Legal Front: Recent Cases in the United States Supreme Court and Their Impact on Indian Gaming

by Jonodev Chaudhuri

The United States Supreme Court’s 2021-22 term brought significant victories, and losses, for Indian Country. In Ysleta del sur Pueblo v. Texas, the Court, in an opinion authored by Justice Gorsuch (joined by Justices Breyer, Sotomayor, Kagan, and Barrett), adopted a reading of the Ysleta del Sur Pueblo and Alabama and Coushatta Indian Tribes of Texas Restoration Act that limits the statute’s prohibition against gaming to only those activities prohibited, rather than regulated, by the State of Texas. This decision effectively affirmed the role of Congress in legislating over Indian affairs and has significant implications for tribal sovereignty and tribal economic development.

But it is hard to square Ysleta del sur with another decision issued by the Court this past term: Oklahoma v. Castro-Huerta. In Castro-Huerta, the very same Court disregarded its own longstanding doctrine upholding the exclusive authority of Congress over Indian affairs and concluded that the General Crimes Act affords states with criminal jurisdiction over crimes committed against Indian victims on “Indian Country” lands, despite the fact that Congress itself did not grant states this jurisdiction. In reaching this conclusion, Justice Kavanaugh, in his majority opinion, declared the Court’s 1832 decision in Worcester v. Georgia to be overturned, claiming Worcester had actually been overturned in a 1962 decision, Village of Kake v. Egan. Village of Kake, however, dealt with off-reservation fishing rights in Alaska – not crimes committed on a reservation against a tribal citizen in their own home. According to Justice Kavanaugh, Worcester was simply a misunderstanding. However, Indian law experts across Indian Country agree that the majority opinion in Castro-Huerta flips Indian law on its head and creates significant problems for public safety in Indian Country.

But the Court’s decision in Castro-Huerta also carries consequences for tribal economic development, as the decision on the whole conflates civil law analysis with criminal. In adjudicating the plain meaning of the General Crimes Act, Justice Kavanaugh employed the Bracker balancing test. Under Bracker preemption may occur if state exercise of jurisdiction unlawfully infringes on tribal self-government. It is a test in the civil context that balances the interests of tribes, states, and the federal government. Until Castro-Huerta, it had not been applied in the criminal context.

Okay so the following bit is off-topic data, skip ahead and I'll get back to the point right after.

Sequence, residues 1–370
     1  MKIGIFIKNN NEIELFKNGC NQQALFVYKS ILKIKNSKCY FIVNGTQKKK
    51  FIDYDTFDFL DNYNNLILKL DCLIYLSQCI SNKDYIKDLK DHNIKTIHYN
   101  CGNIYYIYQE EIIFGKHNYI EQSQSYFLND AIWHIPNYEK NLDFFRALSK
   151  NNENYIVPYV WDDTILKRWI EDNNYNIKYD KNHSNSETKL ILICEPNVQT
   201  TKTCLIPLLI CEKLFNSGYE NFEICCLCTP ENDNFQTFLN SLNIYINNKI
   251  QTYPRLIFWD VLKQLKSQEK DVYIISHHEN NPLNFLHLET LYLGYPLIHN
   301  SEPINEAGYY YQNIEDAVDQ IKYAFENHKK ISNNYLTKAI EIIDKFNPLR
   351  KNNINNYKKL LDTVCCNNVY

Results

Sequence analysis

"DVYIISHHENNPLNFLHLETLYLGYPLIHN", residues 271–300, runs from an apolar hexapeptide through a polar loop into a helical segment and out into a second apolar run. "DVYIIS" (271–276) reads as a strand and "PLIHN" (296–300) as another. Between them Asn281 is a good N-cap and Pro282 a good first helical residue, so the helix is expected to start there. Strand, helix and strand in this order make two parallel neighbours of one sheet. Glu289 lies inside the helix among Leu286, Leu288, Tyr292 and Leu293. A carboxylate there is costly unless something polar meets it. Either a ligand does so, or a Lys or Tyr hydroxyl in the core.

The problem in applying the civil Bracker test to the facts of this criminal case is that the Court found an absence of preemption in Castro-Huerta, concluding that the exercise of state criminal jurisdiction over a non-Indian stepfather abusing a tribal citizen child did not infringe on tribal government. It is difficult to imagine what could infringe on tribal self-government more than interfering with a sovereign’s right to prosecute criminals who abuse child citizens in their own homes.

What does this have to do with gaming and tribal economic development? Everything. The Court’s earlier decision in Ysleta del sur signals the Court’s continued understanding that, as the Court previously held in Cabazon, tribes have the inherent right to engage in gaming and economic development on tribal lands, and states have no jurisdiction to regulate Indian gaming on tribal lands unless or until Congress acts to give them such jurisdiction. Although Castro-Huerta does not directly call into question this analysis or reasoning, the decision creates uncertainty about when and where the Castro-Huerta Court’s preemption analysis will be applied, and how.

Ultimately, the Castro-Huerta Court’s departure from preserving the exclusive authority of Congress to legislate over Indian affairs raises concerns for the role Congress has typically played in preserving tribal economic development against intrusions from states and state regulation. Technically, the Court’s discussion of state authority over tribal lands, beyond the interpretation of the General Crimes Act, constitutes dicta. But the discussion in Castro-Huerta should not be ignored.

As advocates for tribal sovereignty and tribal economic development, our goal should be to ensure that the holding in Ysleta del sur is upheld and enforced, and that the dicta in Castro-Huerta becomes irrelevant. To that end, Congress’s exclusive authority over Indian affairs will need to be restored, most likely through legislative action. Indian Country continues to face threats in the Supreme Court in the upcoming term, specifically in the Brackeen v. Haaland case where plaintiffs are asking the Supreme Court to conclude that the Indian Child Welfare Act violates the Tenth Amendment and states’ rights. Brackeen will be argued on November 9th. In the meantime, it is critical that we come together and remain unified in our request that Congress take action to address the public safety crisis created by Castro-Huerta, and further, cement its own role as the only branch of the U.S. government that has the requisite authority to decide how and when states are able to exercise jurisdiction over our citizens and tribal lands.

Jonodev Chaudhuri is Principal at Chaudhuri Law and Ambassador of the Muscogee (Creek) Nation. Chaudhuri served as Chairman of the National Indian Gaming Commission from 2013-2019. He can be reached by calling (480) 216-9483 or email [email protected].